any violence in the country ahead of the election.

For example, in one of the two reports the paper carried Zimbabwe's
ambassador to South Africa, Simon Khaya Moyo, was reported as attacking SA's
Young Communist League for telling that country's SA media that Zimbabwe was
experiencing "massive political violence" orchestrated by "the
government-funded youth militia".
The paper also carried a front-page follow-up story amplifying the police's
rebuttal of the claims by National Constitutional Assembly chairman,
Lovemore Madhuku, linking state security agents to cases of politically
motivated violence in the country.

However, The Daily Mirror recorded four new cases of politically motivated
violence and rights abuses in four stories it carried on the subject. Three
of the cases were reported on (24/3) and the rest on (25/3).
The paper identified MDC supporters, Progressive Teachers' Union of Zimbabwe
secretary-general Raymond Majongwe, and commuter omnibus drivers as the
victims in three of the cases, while ZANU PF and the police were named as
the perpetrators. The other case identified MDC supporters as beating up
their ZANU PF rivals.
In one such case of rights abuse by the police, Majongwe was detained on
Tuesday at Braeside Police Station and at Harare Central on allegations of
insulting the head of State. The paper quoted police spokesman Wayne
Bvudzijena confirming the incident and saying he had been charged.
Majongwe's lawyer Alex Muchadehama was reported as saying Majongwe was
picked up by the police on accusations of violating a section of the
repressive Public Order and Security Act after allegedly telling a ZANU PF
rally at Cranborne: "How can you vote for Robert Mugabe achembera (an old


2. Daily Electronic Media Update: Thursday, 24th March 2005


*MMPZ is still unable to effectively monitor SW Radio Africa.

THE national public broadcaster aired an interview with ZANU PF chairman,
John Nkomo, also Lands Minister in the President's Office at 9pm on
television and on Spot FM. Notably, the interviewers (Happison Muchechetere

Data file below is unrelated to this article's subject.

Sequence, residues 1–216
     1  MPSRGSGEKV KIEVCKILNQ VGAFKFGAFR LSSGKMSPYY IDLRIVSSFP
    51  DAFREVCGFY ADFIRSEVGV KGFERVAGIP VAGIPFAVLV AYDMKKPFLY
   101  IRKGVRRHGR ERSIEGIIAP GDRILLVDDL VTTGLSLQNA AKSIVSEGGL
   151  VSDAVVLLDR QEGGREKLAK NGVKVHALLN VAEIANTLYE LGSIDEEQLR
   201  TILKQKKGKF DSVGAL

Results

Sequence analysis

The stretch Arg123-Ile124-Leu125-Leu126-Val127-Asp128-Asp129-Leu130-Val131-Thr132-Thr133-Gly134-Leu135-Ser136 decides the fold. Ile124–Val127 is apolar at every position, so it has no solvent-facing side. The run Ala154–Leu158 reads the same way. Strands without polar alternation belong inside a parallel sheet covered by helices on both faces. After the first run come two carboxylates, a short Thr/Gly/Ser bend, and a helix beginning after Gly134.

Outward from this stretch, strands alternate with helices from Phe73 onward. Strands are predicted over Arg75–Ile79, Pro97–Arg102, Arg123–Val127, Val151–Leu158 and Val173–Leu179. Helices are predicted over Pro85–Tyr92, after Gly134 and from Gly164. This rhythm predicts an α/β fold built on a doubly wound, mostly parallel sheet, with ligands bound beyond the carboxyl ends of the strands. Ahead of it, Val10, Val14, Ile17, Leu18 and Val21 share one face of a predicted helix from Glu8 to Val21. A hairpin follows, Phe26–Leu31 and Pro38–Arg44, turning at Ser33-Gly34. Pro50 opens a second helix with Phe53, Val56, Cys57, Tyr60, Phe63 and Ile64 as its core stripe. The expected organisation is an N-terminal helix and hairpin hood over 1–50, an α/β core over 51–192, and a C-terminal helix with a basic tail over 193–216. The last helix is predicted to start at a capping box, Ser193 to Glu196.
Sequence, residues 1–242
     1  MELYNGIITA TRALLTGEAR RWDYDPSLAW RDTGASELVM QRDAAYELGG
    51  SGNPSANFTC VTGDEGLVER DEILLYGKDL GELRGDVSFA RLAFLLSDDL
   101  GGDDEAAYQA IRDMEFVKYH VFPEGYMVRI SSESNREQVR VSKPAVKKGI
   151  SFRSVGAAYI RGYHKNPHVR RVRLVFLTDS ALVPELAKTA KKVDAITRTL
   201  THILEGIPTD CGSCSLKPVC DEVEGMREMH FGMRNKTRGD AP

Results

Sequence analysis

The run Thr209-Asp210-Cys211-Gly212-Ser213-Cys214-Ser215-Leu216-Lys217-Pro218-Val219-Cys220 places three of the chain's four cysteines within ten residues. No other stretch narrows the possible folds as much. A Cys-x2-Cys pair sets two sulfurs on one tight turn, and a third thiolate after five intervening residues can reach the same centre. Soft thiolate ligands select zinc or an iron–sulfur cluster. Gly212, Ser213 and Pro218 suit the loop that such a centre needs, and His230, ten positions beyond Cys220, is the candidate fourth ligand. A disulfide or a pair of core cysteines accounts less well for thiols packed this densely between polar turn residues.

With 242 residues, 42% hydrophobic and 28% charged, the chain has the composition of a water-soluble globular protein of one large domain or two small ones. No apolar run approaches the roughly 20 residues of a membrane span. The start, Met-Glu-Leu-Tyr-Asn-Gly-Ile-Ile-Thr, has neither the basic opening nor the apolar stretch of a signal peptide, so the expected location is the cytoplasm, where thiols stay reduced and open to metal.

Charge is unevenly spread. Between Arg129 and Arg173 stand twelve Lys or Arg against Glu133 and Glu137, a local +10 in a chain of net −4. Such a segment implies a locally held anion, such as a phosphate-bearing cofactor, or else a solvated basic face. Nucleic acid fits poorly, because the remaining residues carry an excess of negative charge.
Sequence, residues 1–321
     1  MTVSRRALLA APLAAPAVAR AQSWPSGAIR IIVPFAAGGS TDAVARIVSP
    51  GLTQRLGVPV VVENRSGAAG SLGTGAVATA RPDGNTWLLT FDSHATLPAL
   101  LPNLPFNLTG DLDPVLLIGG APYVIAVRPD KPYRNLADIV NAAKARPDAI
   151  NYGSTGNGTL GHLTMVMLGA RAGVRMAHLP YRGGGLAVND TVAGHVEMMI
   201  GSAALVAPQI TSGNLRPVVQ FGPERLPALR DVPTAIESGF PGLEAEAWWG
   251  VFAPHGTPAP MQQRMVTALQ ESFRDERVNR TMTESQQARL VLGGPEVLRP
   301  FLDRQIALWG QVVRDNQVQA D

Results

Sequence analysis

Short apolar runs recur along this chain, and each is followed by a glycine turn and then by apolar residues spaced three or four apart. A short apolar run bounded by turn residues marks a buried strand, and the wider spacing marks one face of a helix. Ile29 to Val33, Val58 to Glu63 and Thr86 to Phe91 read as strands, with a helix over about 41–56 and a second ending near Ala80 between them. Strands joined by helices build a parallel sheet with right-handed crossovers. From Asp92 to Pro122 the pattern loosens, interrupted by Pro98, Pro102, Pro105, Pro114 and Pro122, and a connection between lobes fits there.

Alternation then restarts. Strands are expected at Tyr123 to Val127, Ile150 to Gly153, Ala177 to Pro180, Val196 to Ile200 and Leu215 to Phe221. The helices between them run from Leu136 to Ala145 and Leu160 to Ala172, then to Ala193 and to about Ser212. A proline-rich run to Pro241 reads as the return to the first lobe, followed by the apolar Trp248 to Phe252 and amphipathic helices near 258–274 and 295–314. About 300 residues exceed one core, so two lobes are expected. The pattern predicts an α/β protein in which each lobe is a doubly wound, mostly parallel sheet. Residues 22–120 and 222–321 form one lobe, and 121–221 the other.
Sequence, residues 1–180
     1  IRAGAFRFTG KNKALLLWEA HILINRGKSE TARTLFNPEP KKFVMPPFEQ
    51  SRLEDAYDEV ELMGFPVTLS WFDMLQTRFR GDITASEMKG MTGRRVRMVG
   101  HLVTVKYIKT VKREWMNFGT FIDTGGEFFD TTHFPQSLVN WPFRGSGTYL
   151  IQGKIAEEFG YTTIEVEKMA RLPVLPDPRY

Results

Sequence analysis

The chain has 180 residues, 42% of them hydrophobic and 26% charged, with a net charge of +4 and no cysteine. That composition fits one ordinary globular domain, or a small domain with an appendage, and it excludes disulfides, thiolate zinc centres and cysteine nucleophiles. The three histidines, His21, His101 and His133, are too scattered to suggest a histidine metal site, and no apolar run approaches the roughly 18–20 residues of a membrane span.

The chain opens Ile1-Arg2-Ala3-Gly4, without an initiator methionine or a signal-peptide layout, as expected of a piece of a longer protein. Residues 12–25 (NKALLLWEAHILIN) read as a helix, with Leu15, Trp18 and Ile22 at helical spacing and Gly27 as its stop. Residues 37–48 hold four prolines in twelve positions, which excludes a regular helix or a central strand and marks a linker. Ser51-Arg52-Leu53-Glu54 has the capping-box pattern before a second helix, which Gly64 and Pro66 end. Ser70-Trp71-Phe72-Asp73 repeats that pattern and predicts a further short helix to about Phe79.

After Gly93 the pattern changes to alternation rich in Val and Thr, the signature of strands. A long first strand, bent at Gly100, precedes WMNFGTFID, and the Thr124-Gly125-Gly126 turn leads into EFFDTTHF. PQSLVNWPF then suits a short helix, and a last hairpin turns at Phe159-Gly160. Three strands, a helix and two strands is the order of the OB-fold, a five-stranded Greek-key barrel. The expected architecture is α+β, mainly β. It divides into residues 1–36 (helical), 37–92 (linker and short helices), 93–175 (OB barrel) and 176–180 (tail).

and Supa Mandiwanzira) asked relevant questions and followed up the answers
in a rare display of professional journalistic inquiry.

a. Election Campaigns

ACCESS to the national public broadcaster remained heavily in favour of the
ruling party. ZANU PF had the highest number of campaign stories carried on
the stations of Zimbabwe Broadcasting Holdings (ZBH). It also enjoyed the
largest chunk of airtime. For instance, on ZTV (7am, 6pm & 8pm news
bulletins) ZANU PF got 28 minutes 15 seconds (76%), while the MDC and
Mabvuku-Tafara independent received 5 min 25 sec (14.5%) and 3 min 25 sec
respectively of television's campaign news time.
Studio 7 was more balanced, carrying one profile each between the two main
political parties and one more each on the two parties' campaign activities.
However, it ignored other smaller political parties and independents.

All ZBH reports were campaign rallies. Of the 11 ZANU PF voices quoted by
ZBH (on ZTV, Power FM, and Radio Zimbabwe), all were members of that party's
Presidium except Obert Mpofu, the Umguza candidate. Otherwise there was
precious little coverage on ZBH of other aspiring candidates for Parliament.

The government-controlled media continued to misrepresent the MDC. For
example, ZTV's anchor (8pm) said MDC leader Morgan Tsvangirai would "remove
newly-resettled farmers from their allocated land if elected into power,
saying the opposition party will redistribute land in its desired way." But
the video clip showed him saying those who had settled themselves illegally
(without the authority of chiefs, headmen, district administrators, etc)
would be removed.

Number of campaign stories
STATION Zanu PF MDC Independent
ZTV 9 4 2
Power FM 3 0 0
Radio Zimbabwe 3 0 0
Studio 7 2 2 0

Voice distribution
STATION Zanu PF MDC Independent
ZTV 11 4 2
Power FM 3 0 0
Radio Zimbabwe 3 0 0
Studio 7 1 2 0

It is notable that the voice of the MDC and news of their rallies were
completely missing in ZBH's radio bulletins.

b. Administrative Issues

ZBH continued to claim that preparations for the elections were on course,
with equal access to the media, violence-free campaigning and positive
remarks from the SADC Observer Mission (ZTV; 6pm, 8pm, Power FM and Radio
Zimbabwe). They quoted SADCOM's Phumzile Mlambo-Ngcuka confirming that her
team had not received any reports of politically motivated violence. ZBH
bulletins also reported that the Greek ambassador to Zimbabwe said "unlike
in other countries, the political playing field in Zimbabwe is level as all
political parties have access to the electronic media and all are
campaigning freely throughout the country"(ZTV). He was not directly quoted
saying this.

While ZBH stressed the SADC mission's reported endorsement of the
preparations, Studio 7 reported to the contrary. It quoted Mlambo-Ngcuka
taking issue with the Zimbabwe Electoral Commission (ZEC) over the role of
chiefs in the elections. Another member of the team, ANC parliamentarian,
Ramathlodi, was also concerned about the allocation of polling stations,
which he was reported to have said favoured the ruling party.

ZBH continues to stress that the administrative preparations for the
election are progressing so well that only "enemies of Zimbabwe" whose